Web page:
Originally Posted by jasoncapecod
i don't quit understand the point in the biner attached to the cable..
Via Ferrata (or Klettersteig in German) is a type of climbing that is quite popular in Europe. There is a cable that's fixed to the rock and the climber wears a regular climbing harness. The harness has two carabiners, each attached to the harness by a special sling that's about 3-4 feet long.
As you climb, you attach the biners to the fixed cable. The cable provides your protection, so you don't have to carry ropes or protection gear. While climbing, you slide the biners along the cable. When you come to one of the anchors for the cable, you unclip one biner and then re-clip it above the anchor. You then unclip the second biner and re-clip above the anchor and continue climbing. There are two biners/slings so that you are always protected by at least one biner, even when you're passing an anchor.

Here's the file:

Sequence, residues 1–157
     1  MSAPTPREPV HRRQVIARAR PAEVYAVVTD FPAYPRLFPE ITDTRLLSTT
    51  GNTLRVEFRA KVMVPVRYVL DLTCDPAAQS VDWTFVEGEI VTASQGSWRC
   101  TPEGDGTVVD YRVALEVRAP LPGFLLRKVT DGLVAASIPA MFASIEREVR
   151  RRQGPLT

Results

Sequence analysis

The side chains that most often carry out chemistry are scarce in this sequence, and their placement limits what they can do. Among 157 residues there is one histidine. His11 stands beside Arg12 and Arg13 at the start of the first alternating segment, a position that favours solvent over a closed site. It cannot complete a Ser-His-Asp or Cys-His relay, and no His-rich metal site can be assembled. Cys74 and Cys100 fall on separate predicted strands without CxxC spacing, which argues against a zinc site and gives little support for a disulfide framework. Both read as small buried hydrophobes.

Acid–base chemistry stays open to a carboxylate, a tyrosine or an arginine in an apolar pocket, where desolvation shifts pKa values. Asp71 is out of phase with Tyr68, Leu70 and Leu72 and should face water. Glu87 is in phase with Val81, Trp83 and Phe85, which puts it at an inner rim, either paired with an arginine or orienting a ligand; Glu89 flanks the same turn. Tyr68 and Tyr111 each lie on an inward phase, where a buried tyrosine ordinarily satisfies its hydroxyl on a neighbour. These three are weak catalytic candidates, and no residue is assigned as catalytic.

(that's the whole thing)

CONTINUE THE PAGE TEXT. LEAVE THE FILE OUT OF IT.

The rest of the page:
Because of this setup, you can never fall any further than the next anchor below you (plus the length of the sling).
There are some truly spectacular big climbs in Europe that utilize Via Ferrata. We've done a number of them and they are great fun and quite safe. Via's enable you to go light and fast on some amazing terrain.
Here's a friend of mine of on the Ferrata Tisi wall, just below the summit of the Civetta outside Cortina, Italy. The blue helmet at the very bottom of the photo is my wife.
And here's that same summit from the little town of Alleghe:
Does that help?